We spoke briefly of past memories, asking after our families and then I casually reminded Joan that I was a Reiki practitioner. I said I would be happy (at no charge) to offer sessions or to share Reiki 1. As I spoke about the soothing effects of Reiki, I could hear her resistance to trying it. This reaction is something I am familiar with here in Mississippi, where practices such as acupuncture, Reiki, functional medicine, and even nutritional support are mostly still considered “fringe” therapies. In fact, not even one of the numerous mega-hospitals or university medical centers in the capital city of Jackson hosts an integrative healing department or clinic. So, I wasn’t surprised when Joan declined my offer and reinforced her plan of nothing but standard allopathic care. Nevertheless, I asked that she call me if she changed her mind.
We chatted a bit more, about colleagues, students, music, and agreed to speak again soon. With her approval, I said I would place her into my ongoing Reiki prayer basket, and then gently said goodbye.
As I hung up the phone, I felt a sense of dread at what Joan was about to go through, and I knew that her path would be not only challenging, but likely terminal. I was truly so sad at the thought of my wonderful friend going through such suffering and a possibly painful exit from her life. It was difficult for me to get back to my day’s appointments and that evening, I did a special Reiki practice for Joan – and, for myself.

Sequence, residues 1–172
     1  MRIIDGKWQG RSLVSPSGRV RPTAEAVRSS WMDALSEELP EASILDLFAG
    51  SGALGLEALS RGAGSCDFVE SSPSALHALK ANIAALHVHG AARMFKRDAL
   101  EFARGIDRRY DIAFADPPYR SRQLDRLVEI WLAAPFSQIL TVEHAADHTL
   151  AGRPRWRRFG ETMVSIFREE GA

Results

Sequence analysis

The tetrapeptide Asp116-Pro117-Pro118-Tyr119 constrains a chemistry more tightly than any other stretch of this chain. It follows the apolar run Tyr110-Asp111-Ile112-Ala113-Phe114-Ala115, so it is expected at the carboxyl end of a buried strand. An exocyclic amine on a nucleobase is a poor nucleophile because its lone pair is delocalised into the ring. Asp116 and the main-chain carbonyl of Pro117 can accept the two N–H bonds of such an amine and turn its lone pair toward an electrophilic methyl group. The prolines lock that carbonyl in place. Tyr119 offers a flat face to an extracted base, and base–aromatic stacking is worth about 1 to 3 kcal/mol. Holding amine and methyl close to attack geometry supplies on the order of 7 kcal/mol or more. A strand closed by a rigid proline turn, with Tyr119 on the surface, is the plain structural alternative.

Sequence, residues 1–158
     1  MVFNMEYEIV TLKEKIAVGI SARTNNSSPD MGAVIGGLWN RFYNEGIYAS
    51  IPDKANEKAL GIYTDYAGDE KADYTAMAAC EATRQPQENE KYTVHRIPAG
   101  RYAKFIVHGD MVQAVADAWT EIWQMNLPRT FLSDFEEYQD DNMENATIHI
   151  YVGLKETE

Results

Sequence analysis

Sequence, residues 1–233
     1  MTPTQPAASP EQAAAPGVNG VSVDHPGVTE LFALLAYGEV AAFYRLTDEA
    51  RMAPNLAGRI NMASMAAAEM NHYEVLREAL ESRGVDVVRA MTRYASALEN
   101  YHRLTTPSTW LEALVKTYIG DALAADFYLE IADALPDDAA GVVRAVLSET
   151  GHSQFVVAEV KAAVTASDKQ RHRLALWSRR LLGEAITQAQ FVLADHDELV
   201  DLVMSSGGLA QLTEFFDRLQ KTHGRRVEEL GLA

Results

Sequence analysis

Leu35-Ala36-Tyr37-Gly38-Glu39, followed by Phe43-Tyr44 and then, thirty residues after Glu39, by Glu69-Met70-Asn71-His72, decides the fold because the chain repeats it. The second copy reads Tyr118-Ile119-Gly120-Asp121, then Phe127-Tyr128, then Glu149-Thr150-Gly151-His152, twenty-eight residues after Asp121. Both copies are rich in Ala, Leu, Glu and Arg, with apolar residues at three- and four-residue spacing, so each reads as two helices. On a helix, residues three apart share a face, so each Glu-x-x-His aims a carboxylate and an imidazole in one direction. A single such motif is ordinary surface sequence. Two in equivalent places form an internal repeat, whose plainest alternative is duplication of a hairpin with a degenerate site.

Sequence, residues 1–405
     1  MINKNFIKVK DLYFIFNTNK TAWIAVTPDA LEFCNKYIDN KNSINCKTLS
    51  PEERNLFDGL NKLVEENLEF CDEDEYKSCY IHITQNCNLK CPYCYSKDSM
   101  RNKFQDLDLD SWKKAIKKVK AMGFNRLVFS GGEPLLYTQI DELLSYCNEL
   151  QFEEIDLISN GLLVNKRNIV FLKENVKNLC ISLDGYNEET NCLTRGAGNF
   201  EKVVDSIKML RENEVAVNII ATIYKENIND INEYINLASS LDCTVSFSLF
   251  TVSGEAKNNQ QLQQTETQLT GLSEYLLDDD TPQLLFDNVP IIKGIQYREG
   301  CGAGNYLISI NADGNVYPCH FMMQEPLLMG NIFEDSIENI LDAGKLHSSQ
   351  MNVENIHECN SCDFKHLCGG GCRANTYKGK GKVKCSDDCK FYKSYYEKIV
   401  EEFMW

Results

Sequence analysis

Joan stayed in my thoughts over the next weeks and whenever I called to check in, her husband Gerry explained that chemo was draining her strength and that she didn’t feel up to speaking. I took food occasionally by her house, but Gerry usually met me at the door to explain that she was resting. As time went by, I knew they were both “pulling in”, keeping their lives sacred and close as they struggled though this terrible passage and tried to make sense of the non-sensible. Out of respect for their privacy, I curtailed my calls and visits and relied on a mutual friend for news about Joan. Time went by, and the six month mark passed.
And then, she called.
“Joan, oh my, how are you doing?” I asked.